Tell us about your creative process. What was the inspiration behind your play for the New Works Festival?
“Prima Donna started from a conversation with Joe Bishara, the former Assistant Producing Director at CATCO. He floated the idea of writing something that told a story from a female character’s point of view, such as telling the story of Othello from Desdemona’s side. He also mentioned Irene Adler. Because I’m a fan of Sherlock Holmes adaptations (especially The Great Mouse Detective!), I really wanted a chance to see what I could do with her story.
Irene Adler is interesting because, even though she only appears in one short story, she holds great mystique as being ‘the woman who outsmarted Sherlock Holmes.’ In A Scandal in Bohemia, we learn very little about her past or her motives. We only get to hear from her through one line of dialogue and a letter at the end. Everything we know is secondhand information from men. So, I had a lot of questions to answer, including what skills does she have? What is she good at? Where did she learn what she needed to learn? And, most importantly, ‘who is Irene Adler really?’ That is the question that activates the entire play.”
What role, play, or production are you most proud of?
“The great thing about theatre is that every experience offers a chance to learn and grow as a person and artist. But there are some magical moments where an idea lands exactly right or better than you imagined. For me, I’m most proud of my production of Cowgirls Don’t Ride Zebras that premiered at CATCO a few years ago. I specifically wrote “Cowgirls” for my son, Jack, who was 4 at the time. I wanted to give him a theatrical experience full of things he loved: music, dancing, animals, physical comedy, and even dinosaurs. Writing that play reminded me to play, to have fun, to lighten up, and to let my imagination run wild! The audience response to the play was overwhelming, and Jack went to see it about 4 or 5 times!”
What’s the best advice you’ve been given about being a playwright?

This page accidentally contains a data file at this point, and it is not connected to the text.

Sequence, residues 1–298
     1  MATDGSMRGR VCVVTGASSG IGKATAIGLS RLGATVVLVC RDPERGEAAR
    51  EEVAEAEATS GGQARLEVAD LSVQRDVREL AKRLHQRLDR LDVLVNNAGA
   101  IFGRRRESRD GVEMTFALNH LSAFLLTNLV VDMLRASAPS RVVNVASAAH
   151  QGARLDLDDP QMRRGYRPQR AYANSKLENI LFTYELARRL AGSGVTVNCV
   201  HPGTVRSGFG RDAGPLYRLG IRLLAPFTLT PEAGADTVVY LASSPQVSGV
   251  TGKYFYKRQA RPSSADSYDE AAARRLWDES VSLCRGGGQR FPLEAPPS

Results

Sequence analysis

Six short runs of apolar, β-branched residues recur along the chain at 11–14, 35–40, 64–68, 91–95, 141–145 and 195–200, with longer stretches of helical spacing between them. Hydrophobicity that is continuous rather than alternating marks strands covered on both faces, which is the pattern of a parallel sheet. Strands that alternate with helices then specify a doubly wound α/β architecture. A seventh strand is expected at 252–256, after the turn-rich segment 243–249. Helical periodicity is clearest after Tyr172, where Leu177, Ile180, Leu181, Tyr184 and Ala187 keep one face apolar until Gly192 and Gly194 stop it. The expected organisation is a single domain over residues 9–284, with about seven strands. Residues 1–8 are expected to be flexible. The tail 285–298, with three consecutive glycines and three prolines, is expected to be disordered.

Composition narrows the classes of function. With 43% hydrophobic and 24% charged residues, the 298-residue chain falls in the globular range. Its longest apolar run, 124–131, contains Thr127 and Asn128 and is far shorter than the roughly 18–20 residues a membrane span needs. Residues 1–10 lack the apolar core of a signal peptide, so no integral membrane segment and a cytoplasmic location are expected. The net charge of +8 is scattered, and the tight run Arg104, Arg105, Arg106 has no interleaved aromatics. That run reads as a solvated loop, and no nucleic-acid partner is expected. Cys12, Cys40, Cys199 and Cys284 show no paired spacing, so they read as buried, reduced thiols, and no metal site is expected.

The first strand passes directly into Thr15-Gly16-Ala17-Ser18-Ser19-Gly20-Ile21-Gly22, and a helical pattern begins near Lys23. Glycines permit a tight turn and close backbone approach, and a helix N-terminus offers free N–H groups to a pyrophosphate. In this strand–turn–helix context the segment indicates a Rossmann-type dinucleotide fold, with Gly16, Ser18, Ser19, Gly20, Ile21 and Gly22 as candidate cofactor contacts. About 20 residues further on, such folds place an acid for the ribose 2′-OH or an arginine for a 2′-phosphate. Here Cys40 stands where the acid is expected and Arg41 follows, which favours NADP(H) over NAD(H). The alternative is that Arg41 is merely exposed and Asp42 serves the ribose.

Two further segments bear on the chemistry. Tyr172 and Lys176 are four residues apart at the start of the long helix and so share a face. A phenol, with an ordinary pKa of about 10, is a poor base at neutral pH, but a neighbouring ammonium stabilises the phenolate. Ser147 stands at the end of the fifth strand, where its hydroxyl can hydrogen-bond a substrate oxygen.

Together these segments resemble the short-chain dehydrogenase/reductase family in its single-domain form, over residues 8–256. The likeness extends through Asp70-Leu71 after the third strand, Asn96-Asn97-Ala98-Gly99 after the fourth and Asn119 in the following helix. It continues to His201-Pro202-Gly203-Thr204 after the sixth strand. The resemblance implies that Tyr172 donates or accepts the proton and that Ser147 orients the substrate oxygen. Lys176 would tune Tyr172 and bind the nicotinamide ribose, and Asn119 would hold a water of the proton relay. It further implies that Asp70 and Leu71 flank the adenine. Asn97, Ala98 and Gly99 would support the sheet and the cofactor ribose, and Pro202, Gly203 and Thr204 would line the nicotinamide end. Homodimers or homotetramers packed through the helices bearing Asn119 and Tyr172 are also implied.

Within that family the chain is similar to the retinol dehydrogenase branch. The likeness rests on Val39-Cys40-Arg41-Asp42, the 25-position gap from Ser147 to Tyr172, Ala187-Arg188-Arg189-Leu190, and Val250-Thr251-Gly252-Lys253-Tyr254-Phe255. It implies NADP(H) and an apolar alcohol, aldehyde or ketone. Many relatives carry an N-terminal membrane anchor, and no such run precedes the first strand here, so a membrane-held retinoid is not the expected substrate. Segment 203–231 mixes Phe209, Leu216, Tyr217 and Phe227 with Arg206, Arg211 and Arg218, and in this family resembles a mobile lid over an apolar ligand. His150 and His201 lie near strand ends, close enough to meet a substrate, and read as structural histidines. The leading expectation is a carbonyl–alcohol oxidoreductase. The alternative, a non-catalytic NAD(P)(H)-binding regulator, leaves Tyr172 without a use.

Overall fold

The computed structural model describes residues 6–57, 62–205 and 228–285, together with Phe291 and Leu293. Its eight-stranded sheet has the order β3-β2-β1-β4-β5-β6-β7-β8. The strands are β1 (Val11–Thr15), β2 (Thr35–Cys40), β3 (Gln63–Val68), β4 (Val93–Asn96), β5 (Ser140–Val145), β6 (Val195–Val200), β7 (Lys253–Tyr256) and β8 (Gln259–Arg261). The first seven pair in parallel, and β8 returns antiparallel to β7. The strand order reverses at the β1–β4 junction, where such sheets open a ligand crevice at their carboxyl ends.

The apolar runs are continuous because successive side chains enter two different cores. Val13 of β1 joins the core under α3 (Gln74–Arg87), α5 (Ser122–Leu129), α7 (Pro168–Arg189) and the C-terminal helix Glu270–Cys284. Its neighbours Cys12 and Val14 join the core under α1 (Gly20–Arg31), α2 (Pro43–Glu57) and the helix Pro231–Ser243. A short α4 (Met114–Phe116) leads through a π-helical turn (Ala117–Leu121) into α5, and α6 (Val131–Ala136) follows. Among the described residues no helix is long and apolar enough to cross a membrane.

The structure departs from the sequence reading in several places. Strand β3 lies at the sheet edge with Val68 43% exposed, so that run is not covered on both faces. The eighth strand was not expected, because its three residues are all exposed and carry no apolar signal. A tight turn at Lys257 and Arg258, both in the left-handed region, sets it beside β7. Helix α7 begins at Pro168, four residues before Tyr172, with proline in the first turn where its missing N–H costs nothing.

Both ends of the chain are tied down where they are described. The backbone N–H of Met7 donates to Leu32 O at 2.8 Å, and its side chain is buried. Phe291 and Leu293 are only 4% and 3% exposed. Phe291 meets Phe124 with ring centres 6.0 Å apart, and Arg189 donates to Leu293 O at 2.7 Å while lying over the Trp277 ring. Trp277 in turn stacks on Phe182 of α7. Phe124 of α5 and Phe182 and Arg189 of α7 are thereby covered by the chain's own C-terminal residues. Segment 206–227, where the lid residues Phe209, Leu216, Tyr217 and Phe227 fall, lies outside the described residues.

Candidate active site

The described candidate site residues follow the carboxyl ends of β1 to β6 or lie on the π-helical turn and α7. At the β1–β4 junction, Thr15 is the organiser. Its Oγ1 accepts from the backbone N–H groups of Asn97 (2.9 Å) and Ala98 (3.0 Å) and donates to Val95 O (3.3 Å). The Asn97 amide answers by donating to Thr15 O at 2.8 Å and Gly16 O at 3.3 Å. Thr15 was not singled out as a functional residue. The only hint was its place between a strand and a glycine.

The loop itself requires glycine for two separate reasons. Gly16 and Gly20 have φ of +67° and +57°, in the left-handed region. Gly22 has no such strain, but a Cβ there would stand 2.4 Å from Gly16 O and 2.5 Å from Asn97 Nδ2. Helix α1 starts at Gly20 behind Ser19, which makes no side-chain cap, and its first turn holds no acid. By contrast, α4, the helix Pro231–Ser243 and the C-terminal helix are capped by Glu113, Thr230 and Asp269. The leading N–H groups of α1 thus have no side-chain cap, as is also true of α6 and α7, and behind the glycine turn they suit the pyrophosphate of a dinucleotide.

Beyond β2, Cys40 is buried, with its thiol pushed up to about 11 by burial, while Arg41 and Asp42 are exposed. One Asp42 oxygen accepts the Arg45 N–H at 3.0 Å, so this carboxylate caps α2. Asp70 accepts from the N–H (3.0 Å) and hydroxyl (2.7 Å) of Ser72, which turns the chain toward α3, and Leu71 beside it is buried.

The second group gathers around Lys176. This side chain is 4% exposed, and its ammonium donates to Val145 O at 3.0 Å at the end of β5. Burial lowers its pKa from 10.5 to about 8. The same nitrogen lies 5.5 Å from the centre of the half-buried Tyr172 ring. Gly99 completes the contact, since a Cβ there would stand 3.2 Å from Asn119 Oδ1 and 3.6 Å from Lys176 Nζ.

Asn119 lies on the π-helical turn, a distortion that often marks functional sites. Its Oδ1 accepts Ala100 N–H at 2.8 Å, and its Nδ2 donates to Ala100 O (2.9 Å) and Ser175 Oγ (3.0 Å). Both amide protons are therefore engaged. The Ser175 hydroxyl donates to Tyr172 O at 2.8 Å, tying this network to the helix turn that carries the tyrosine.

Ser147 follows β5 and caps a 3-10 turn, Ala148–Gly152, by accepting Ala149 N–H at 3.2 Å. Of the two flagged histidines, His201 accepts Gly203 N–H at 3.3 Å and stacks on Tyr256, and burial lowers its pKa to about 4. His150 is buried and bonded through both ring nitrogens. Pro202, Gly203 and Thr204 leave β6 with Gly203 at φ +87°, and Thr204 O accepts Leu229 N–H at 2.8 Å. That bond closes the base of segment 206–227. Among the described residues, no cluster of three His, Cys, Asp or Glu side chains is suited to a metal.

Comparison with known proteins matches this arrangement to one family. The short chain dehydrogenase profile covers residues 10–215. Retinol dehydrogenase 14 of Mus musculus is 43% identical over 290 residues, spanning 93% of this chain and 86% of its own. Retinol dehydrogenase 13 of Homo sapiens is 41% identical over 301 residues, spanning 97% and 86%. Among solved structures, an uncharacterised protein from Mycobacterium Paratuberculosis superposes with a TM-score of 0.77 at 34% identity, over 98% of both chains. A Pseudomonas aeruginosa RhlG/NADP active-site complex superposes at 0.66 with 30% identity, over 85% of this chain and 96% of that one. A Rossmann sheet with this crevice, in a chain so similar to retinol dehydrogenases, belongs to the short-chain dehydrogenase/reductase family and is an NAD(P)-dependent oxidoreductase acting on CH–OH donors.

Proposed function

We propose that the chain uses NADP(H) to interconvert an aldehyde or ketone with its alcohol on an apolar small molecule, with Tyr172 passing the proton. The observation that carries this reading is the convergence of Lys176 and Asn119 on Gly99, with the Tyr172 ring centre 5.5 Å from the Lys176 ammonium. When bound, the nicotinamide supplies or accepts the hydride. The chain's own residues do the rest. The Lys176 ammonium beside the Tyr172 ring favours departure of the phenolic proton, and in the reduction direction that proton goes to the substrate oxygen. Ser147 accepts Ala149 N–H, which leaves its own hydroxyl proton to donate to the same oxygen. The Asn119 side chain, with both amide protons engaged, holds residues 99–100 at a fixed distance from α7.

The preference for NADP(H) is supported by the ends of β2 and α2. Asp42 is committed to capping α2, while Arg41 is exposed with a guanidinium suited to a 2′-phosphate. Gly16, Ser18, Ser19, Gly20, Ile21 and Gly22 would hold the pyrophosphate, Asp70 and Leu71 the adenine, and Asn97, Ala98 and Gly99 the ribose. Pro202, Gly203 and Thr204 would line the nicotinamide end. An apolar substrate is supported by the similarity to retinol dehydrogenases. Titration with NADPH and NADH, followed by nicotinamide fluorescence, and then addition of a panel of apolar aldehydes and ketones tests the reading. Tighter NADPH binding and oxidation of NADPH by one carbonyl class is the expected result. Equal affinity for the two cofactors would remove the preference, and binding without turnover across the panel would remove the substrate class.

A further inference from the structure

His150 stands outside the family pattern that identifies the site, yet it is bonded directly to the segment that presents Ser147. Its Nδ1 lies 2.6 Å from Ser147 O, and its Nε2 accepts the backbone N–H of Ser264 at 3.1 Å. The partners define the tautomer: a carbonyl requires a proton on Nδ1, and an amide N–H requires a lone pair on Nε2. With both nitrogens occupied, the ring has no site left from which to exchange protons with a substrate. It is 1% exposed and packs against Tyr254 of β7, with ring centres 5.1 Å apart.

“The playwright Sherry Kramer had a massive influence on me and the way I think about writing plays. She taught me that the magic of plays happens in the mind of the audience, not on the stage. She taught me to carefully consider how the mysteries of a play unravel and how the ending of a play should feel completely inevitable. Oh, and she made it very clear that ‘entertainment’ isn’t a bad word.”
What advice would you give to an aspiring playwright?
“If you want to be a playwright, my advice is to make sure you don’t live and breathe only theatre. Keep yourself open to what’s going on in the world, what ideas are flowing. Learn a different art form. Read poetry. Listen to music. See dance. Have deep conversations with friends. Listen to people. Ask big questions and don’t worry about the answers. Also, remember the things you love and use them. For example, I deeply love animation and Disney movies, and whenever I allow that love to inform my plays, my plays become richer and more ‘me.'”
Do you have any plans to write other plays?
“I do have plans to write more plays! I continually have a list of ‘Possible Projects’ that gets longer and longer. There are three plays that are currently at the top of the list and swirling in my mind and heart. I’m asking big questions about what gets passed on to the next generation and what good can come from dark times. Those are serious questions, but imagine them as entertaining, tongue-in-cheek comedies! As long as there are big questions left unanswered, there will be more plays for me to write.”
What’s something that you want everyone to know about your play before the virtual reading?
“Readings of plays can be strange, even when they’re not virtual, because plays are a visual medium. So much of character and story and theme is expressed not just by what is said, but through action on the stage. If you’re joining us for any of the virtual readings during the CATCO New Works Festival, I invite you to bring your imaginations! Envision the stage in your mind. See the set. See the lights. See the color. See the movement. Imagine the possibilities! And, most importantly, I invite you to come to the show with curiosity and questions! Also, be ready to laugh and to be entertained!”